Don't Hate Me Because I'm Arminian
During the great awakenings of the eighteenth century, John Wesley and George Whitefield stopped cooperating with one another due to differing beliefs about predestination. And though they eventually made up, their disagreement has lived on in American evangelicals' waxing and waning debates about God's sovereignty and the doctrines of election and free will.
Despite this history, the postWorld War II evangelical coalition in North America has held Calvinist and Arminian believers together within one great movement. At least as many member churches of the National Association of Evangelicals are Arminian in theological orientation as Reformed.
But now signs of great stress within the coalition are appearing, including a new stridency and aggressiveness on the part of theologians in some more conservative Reformed circles. As a lifelong Arminian as well as an evangelical, and as one who cares deeply about the unity of the evangelical community, I find this very distressing.
Some of these theologians think that evangelicalism faces a crisis that centers on the issue of predestination. "Can Christians who deny unconditional election and irresistible grace be authentically evangelical?" they ask. Michael Horton, professor at Westminster Theological Seminary in California, argues in Modern Reformation magazine that "evangelical Arminian" is not an option but an oxymoron. "An evangelical," he writes, "cannot be an Arminian any more than an evangelical can be a Roman Catholic." Even the great Arminian revivalist John Wesley is suspected of defective evangelical faith by Horton and some of his colleagues in two organizations, Christians United for Reformation (CURE) and the Alliance of Confessing Evangelicals (ACE). These and other contemporary evangelical movements seek to revive and enthrone monergism—belief in God's sole and sovereign activity in salvation—as crucial to authentic evangelicalism.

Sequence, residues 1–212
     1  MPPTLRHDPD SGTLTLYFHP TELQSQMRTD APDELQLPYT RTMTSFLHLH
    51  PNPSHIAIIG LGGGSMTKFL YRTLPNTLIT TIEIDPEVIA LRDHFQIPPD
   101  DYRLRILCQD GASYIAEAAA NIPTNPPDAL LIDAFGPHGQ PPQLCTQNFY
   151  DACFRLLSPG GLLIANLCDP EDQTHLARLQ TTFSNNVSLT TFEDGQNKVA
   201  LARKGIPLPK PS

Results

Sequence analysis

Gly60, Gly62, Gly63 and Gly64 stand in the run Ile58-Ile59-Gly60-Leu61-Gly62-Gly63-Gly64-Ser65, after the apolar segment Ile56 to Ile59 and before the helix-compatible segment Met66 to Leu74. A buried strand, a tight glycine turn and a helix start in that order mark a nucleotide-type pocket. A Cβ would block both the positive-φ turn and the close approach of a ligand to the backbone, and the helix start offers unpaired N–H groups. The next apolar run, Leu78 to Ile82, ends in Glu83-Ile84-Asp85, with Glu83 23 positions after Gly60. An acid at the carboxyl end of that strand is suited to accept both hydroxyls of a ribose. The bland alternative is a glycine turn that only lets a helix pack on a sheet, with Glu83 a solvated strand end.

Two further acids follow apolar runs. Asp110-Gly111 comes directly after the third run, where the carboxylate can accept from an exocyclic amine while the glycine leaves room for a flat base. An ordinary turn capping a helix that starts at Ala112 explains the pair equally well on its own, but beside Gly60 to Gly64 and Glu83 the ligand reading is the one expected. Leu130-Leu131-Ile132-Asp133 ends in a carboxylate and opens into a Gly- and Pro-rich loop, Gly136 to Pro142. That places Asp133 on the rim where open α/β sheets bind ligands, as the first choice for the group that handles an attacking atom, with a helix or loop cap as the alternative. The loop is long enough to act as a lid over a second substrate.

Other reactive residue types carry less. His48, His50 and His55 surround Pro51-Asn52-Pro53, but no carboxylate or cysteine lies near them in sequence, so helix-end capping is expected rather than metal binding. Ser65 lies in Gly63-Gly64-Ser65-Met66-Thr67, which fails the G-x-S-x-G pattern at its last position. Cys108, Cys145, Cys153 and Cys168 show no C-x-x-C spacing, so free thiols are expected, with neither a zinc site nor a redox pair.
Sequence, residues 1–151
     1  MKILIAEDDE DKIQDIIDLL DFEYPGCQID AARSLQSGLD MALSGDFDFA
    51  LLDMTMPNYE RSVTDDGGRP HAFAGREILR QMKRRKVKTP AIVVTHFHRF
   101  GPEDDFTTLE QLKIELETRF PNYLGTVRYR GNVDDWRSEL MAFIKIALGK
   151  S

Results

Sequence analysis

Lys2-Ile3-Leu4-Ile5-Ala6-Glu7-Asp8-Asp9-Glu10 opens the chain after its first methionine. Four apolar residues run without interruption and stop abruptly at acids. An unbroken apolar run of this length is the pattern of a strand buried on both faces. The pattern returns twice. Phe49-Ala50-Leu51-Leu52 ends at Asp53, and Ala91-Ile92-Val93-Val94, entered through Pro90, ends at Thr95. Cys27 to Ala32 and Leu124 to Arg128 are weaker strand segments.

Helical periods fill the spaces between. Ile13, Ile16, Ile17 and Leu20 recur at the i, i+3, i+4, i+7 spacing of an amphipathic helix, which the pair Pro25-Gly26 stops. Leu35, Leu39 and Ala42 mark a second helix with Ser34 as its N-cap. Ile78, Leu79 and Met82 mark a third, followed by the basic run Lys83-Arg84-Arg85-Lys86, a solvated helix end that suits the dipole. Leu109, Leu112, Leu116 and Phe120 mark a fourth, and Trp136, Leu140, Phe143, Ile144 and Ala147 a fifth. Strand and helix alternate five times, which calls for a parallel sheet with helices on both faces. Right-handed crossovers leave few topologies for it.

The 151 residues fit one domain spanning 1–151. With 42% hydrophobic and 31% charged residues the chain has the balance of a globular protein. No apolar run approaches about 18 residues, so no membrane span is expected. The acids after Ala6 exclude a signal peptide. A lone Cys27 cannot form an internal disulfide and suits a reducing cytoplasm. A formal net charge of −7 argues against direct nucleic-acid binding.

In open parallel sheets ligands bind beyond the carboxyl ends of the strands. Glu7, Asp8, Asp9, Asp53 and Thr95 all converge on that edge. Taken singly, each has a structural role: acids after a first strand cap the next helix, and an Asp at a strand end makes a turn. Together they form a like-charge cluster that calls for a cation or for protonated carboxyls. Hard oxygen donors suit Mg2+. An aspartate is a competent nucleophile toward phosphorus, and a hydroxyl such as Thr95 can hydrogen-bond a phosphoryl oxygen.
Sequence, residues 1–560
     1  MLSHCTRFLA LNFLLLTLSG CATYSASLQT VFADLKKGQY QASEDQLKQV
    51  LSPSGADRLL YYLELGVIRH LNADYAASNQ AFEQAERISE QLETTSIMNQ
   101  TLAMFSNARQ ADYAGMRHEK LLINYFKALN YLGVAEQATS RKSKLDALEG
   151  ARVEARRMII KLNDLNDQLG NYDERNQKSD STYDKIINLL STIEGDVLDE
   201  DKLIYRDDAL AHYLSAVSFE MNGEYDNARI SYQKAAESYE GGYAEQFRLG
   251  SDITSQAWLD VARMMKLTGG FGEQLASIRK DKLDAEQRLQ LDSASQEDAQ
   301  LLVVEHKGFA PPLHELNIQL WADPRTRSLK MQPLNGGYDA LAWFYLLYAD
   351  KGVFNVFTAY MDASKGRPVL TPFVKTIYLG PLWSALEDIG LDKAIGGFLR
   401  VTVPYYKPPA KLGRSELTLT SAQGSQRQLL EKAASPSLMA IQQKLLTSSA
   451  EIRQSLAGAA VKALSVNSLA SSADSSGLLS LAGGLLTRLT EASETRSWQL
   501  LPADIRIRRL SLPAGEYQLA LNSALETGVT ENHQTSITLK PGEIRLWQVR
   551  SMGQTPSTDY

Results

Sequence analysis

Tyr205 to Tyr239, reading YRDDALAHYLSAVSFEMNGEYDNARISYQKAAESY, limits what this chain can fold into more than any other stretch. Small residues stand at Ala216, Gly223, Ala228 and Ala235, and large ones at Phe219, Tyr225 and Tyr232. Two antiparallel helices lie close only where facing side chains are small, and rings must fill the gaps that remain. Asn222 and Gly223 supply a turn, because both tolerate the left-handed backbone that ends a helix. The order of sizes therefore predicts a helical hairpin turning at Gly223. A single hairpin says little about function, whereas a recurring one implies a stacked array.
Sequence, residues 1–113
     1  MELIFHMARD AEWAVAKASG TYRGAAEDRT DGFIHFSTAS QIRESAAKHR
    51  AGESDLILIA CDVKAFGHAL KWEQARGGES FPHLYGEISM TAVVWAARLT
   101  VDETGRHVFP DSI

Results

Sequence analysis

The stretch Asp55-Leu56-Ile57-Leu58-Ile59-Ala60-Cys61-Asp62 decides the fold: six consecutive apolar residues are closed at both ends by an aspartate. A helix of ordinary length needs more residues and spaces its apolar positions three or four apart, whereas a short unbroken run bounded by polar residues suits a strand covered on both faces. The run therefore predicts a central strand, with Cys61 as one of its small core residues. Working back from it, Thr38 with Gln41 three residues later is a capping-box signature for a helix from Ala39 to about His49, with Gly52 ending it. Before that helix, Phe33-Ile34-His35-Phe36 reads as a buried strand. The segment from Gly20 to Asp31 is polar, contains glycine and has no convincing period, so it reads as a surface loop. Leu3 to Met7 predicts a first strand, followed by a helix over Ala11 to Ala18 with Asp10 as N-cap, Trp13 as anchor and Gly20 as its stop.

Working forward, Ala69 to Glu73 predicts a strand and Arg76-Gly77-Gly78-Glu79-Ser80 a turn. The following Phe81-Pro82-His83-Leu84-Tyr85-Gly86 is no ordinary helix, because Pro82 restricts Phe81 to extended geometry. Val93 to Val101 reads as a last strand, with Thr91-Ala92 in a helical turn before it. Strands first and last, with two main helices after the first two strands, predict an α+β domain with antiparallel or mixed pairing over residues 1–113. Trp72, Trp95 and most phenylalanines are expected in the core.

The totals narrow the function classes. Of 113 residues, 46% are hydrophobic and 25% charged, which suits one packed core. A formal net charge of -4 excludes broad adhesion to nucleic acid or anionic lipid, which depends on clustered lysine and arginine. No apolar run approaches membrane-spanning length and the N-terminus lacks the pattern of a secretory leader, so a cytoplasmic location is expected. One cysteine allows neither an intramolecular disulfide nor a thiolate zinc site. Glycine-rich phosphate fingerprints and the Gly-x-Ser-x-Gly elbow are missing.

In recent years, a spate of books and articles edited and authored by leading Reformed evangelical scholars (like R.C. Sproul of Ligonier Ministries) has raised questions about the validity of the evangelical credentials of any and all Arminians—Protestants who deny unconditional election and affirm resistible grace. ACE composed the "Cambridge Declaration," which criticized, among other alleged aberrations among evangelicals, the belief that human beings can cooperate with the regenerating grace of God.
I hope for a new detente between those of us who believe in the soul's ability to cooperate with regenerating grace (Arminians) and those evangelicals who believe that regenerating grace must precede even repentance and faith (Calvinists).
When I started seminary I was a Pentecostal preacher's boy bent on becoming a theologically educated pulpit-pounder. I graduated a post-Pentecostal, broadly evangelical theological scholar "wanna be." While in seminary I discovered that one could be Spirit-filled and also intellectually serious, open to diverse viewpoints within the broader evangelical heritage, and even theologically Re formed! That revelation came to me through the lives and teaching of professors such as Ralph Powell, Al Glenn, Sam Mikolaski, and James Montgomery Boice. Magazines such as Eternity and Christianity Today helped to transform my previously more narrow idea of authentic "full gospel" evangelical Christianity. But through it all, and in spite of serious wrestling with its problems, I held onto the Arminianism of my Holiness-Pentecostal heritage.